A strategic obstacle to the improvement of tuberculosis (TB) control is the lack of inexpensive and simple techniques that can replace the slow and laborious conventional methods for diagnosing TB and detecting drug resistance. However, there are newer, more appropriate methodologies that warrant further evaluation. This concerted action (CA) will develop, adapt and evaluate some of these promising new tools. It will build upon collaborations that have developed between a network of European researchers and their Latin America colleagues. Preliminary studies by this group have begun to address some of the objectives in this CA, and the work outlined will expand these collaborations to develop useful and appropriate methodologies. This project will test them in multicentre pilot studies, modify them where necessary and run prospective clinical trials in high endemic TB areas for accuracy, cost, ease of implementation and impact on TB control.
The objectives are:
1) to develop, standardise and evaluate new methods for tuberculosis
diagnosis, including improvements in microscopy, rapid culture techniques,
serological markers, rapid speciation, and diagnosis of animal mycobacteroses of
2) to develop, standardise and evaluate new methods for the detection of rifampicin resistance as a surrogate marker for MDR-TB
3) to design simple, rapid and inexpensive methods for drug susceptibility testing of M. tuberculosis. Sensitivity, specificity and predictive values will be determined by comparison with the conventional proportion method
4) to extend initial molecular and traditional epidemiological studies on Latin American MDR-TB strains in order to delineate transmission patterns.
The project contains two main areas: diagnosis and detection of drug resistance. The diagnostic component is multidisciplinary, involving new and improved methods for detection, cultivation, and identification of M. tuberculosis. In preliminary studies done by the partners, encouraging results were obtained with several techniques, which will be further evaluated and validated against conventional methodologies. These are a simple and inexpensive method of cultivation employing a thin layer of agar, a simple and direct method of cultivation appropriate for field conditions, and a rapid molecular method of species identification. It will also investigate additional diagnostic strategies: an improved microscopical detection, various M. tuberculosis antigens for their diagnostic value in a serological test, and, since M. bovis TB can be transmitted to humans and has a distinct drug susceptibility, the diagnosing of bovine TB. The second component will develop and evaluate methods for the rapid detection of drug resistant TB, using resistance to rifampicin (RIF) as a marker for MDR-TB. These will include Rifoligotyping evaluation and adaptation for direct use with clinical samples, RIF added into the thin-layer agar format as a direct test for resistance, the luciferase phage test adapted as a rapid direct test for RIF resistance, and exploring colorimetric methods for use on solid media containing RIF. This component will also evaluate faster, easier and more accurate methods for drug susceptibility testing, including second-line and newer anti-tuberculosis drugs. Rapid colorimetric methods will be used for detecting bacterial growth in an ELISA format conventional culture techniques adapted to a multi-well plate. A database of MDR genotypes for Latin America will be created, and will include traditional epidemiologic information so that transmission patterns can be delineated.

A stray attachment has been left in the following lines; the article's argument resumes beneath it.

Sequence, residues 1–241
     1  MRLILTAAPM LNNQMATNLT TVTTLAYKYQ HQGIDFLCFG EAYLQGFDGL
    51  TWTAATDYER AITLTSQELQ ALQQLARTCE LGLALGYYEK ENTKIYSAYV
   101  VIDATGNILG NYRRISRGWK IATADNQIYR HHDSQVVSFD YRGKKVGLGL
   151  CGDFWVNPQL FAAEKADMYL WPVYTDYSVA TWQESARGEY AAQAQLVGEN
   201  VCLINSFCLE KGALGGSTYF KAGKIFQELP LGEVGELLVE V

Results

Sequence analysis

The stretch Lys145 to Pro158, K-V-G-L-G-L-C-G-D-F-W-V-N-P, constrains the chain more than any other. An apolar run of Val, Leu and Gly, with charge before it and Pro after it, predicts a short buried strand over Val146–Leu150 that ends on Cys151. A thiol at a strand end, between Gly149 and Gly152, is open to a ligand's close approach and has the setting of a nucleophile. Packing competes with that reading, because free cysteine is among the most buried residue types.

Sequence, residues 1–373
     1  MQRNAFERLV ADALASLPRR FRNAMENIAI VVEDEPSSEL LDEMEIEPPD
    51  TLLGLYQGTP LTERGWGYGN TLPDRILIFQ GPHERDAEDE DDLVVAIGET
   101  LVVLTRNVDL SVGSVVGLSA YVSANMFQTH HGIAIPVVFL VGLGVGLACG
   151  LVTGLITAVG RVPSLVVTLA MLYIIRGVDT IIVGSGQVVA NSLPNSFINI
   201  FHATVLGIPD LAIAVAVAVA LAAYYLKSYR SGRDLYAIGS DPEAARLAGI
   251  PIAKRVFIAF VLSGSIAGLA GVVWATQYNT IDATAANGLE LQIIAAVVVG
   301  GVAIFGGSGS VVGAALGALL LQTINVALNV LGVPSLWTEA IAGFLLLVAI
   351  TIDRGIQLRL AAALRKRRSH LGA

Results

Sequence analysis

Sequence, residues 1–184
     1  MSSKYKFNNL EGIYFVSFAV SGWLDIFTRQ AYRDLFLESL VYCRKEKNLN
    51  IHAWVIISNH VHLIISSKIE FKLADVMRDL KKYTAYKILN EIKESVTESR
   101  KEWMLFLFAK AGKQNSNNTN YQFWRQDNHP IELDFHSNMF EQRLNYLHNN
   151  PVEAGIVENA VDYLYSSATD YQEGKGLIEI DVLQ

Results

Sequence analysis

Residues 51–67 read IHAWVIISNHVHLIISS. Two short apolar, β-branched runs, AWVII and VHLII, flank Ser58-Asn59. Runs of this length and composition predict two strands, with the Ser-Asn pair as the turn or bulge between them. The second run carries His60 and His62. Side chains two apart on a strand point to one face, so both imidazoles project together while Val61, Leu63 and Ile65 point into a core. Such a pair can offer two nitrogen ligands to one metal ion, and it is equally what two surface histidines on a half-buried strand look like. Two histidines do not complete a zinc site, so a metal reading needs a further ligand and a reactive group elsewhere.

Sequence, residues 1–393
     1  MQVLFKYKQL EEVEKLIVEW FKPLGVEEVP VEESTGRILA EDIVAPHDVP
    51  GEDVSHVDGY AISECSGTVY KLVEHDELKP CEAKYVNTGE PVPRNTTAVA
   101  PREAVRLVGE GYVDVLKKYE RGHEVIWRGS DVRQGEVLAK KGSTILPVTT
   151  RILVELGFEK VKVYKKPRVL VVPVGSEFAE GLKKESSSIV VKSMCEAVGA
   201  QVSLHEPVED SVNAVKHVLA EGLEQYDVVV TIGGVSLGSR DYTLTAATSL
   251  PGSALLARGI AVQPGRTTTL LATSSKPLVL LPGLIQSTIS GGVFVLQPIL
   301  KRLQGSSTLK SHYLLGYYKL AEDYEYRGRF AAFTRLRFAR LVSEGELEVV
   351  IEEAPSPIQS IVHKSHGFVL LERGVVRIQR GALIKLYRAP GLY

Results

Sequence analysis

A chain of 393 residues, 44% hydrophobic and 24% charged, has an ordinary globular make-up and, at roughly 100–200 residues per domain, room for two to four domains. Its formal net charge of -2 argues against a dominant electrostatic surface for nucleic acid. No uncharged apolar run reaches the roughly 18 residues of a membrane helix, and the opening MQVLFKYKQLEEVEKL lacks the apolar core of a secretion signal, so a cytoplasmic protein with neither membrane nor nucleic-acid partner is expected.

1. Development of various techniques into inexpensive, simple, accurate and
2. Testing in multi-centre pilot studies and modifying where necessary.
3. Most promising tools evaluated in prospective clinical trials in TB endemic areas.
4. The concerted action will recommend methods for improved TB diagnosis, drug resistance detection and drug susceptibility testing.
5. Delineation of transmission patterns of MDR-TB in Latin America.
Instituut voor Tropische Geneeskunde
Tel: +32 3 247 6317
Fax: +32 3 247 6333